On Tuesday, n+1 ran an essay called “Critical Attrition: What’s the Matter with Book Reviews?” (On the cover of its new issue, the piece is billed as “LITERARY MERCENARIES.”) As usual with essays in its front-of-the-book “Intellectual Situation” section — the very first of which in 2004 was about negative reviews in The New Republic — the essay, written by the magazine’s editors, is unsigned. It deploys composite characters and other fictional elements to make a few points about the current book criticism scene. Nothing jarring to a regular reader about the essay’s style, but I found the points it made about book reviewing mostly irrelevant, distracting, and ultimately anti-intellectual.
The history of essays about the problems with book reviewing is as old as book reviewing itself, so I won’t rehearse it here. (My own contribution to the genre, about the erosion of reviews and their replacement with “books coverage” — that is, lists, recommendations, q&a’s, etc., all of which are intellectually worthless — appeared in Harper’s in 2019.) The n+1 editors focus on four problems: the lay reader’s suspicion that critics are lying, mostly through inflationary criticism; the muddled motives of the occasional reviewer; the muddled motives and unsatisfying experiences of the critic-practitioner; and the sorry state of what they term the Contemporary Themed Review, a genre mostly practiced by full-time critics.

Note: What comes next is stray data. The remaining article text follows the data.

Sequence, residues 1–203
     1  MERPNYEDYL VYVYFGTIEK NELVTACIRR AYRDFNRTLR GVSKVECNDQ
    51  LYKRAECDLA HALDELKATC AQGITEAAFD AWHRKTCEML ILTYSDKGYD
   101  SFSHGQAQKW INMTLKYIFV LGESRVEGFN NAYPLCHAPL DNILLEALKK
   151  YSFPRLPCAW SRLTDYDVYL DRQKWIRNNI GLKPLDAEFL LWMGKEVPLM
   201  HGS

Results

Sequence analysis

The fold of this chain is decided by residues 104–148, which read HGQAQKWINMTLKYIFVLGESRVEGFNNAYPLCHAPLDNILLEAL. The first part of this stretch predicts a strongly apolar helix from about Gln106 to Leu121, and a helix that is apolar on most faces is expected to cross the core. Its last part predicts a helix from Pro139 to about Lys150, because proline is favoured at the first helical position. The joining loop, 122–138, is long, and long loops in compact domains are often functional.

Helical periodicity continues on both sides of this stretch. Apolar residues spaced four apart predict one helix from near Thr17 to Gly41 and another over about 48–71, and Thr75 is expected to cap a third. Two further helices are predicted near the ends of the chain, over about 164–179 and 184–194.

Let’s begin with “the Contemporary Reader,” or “the earnest reader.” (Are there legions of ironic readers out there? I hope so.) This reader pays attention to jacket copy on books, uses the website Goodreads, searches Twitter for literary opinions, and doesn’t know very much about the literature business. I’ll be honest, I have no respect for this fictional character or anyone in real life who resembles him.